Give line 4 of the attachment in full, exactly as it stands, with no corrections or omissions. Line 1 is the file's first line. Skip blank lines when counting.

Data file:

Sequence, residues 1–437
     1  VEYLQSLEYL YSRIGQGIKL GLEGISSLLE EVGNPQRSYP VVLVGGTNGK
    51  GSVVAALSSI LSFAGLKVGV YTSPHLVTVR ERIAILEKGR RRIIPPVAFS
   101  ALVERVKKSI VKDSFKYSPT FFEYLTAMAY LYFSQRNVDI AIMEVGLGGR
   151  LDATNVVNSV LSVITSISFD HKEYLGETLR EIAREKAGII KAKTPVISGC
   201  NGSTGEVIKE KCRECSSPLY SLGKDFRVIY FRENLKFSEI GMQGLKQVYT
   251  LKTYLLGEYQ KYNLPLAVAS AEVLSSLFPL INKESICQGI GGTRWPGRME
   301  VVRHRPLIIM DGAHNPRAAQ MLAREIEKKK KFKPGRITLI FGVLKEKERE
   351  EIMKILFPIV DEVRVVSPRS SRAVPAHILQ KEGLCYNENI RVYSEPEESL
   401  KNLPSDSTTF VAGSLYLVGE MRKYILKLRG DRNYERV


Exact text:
   101  ALVERVKKSI VKDSFKYSPT FFEYLTAMAY LYFSQRNVDI AIMEVGLGGR